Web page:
The Yorkshire Dales

Within the borders of Yorkshire, the greatest of English counties, there is a wealth of outstanding and diversified beauty, of bleak gritstone fells and long lovely dales. In these dales, added to the natural beauty, is the charm of quiet villages sturdily built of native stone, often clustered round a hoary old church of the same material, perhaps overshadowed by the grim shell of a feudal stronghold or cherishing the fragments of some noble abbey whose meagre ruins are yet eloquent of a former splendour.

- Tom Stephenson, in Lovely Britain, published circa 1950.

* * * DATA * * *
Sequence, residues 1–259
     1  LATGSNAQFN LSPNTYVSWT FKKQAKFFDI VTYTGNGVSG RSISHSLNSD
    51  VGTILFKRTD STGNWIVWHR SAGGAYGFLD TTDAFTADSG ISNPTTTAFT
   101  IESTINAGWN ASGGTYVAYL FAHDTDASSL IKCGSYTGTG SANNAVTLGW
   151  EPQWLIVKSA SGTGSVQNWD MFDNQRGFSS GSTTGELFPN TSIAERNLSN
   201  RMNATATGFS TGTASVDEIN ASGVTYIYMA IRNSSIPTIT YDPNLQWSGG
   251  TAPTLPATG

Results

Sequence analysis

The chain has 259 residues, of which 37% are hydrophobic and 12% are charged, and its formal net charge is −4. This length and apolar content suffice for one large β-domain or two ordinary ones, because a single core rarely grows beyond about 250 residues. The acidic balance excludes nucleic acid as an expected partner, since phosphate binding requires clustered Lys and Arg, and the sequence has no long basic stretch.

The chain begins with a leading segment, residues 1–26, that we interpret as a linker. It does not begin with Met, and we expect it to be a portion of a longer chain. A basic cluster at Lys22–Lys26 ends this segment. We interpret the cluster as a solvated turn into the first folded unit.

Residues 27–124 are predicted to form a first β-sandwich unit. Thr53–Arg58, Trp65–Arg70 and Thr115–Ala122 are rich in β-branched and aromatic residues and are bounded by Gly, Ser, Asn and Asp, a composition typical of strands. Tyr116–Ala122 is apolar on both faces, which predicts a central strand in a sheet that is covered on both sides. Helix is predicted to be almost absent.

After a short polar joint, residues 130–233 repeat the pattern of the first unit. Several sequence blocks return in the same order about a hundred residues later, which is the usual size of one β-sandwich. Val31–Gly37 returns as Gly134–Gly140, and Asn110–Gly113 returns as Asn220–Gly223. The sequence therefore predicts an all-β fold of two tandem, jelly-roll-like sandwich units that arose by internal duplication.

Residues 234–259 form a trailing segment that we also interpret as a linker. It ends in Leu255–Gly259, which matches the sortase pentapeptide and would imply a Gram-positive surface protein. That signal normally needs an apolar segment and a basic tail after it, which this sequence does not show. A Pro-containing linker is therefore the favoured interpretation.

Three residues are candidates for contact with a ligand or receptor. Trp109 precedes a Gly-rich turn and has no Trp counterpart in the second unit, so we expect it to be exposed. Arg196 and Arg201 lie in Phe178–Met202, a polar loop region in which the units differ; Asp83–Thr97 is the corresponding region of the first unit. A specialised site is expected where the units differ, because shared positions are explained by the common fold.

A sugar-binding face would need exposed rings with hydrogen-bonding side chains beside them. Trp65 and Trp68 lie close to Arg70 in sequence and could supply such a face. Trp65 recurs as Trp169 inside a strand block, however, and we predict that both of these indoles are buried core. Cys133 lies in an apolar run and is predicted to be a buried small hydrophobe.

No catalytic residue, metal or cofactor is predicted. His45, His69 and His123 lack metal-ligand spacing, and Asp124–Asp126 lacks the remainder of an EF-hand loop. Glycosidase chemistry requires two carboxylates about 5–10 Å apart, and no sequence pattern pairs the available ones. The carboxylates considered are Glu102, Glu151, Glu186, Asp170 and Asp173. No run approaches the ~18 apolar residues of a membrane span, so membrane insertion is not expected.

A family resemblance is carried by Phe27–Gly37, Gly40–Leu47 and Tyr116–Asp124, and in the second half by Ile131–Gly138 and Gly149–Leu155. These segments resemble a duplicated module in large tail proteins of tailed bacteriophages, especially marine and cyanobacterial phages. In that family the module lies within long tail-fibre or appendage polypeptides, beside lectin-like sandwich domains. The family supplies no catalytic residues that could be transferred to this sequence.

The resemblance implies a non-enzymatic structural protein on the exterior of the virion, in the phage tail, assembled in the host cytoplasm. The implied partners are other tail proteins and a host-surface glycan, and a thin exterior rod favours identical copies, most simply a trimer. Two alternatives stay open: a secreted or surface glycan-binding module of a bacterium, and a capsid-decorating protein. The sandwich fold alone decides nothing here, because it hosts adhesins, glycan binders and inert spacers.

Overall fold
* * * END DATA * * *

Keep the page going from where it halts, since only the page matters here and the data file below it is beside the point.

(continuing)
The Yorkshire dales will be familiar to most people as the setting of All Creatures Great and Small, James Herriot's tales of life as a country vet in the 1930s. They are characterised by open, rolling countryside where sheep roam freely.

In the west, where they meet the eastern borders of the Lake District, the land is bleak and forbidding. The valleys of Garsdale and Dentdale are long and narrow, hemmed by steep hillsides, and the farms are strung along the valley sides, down which flow small streams, called gills in the local dialect.

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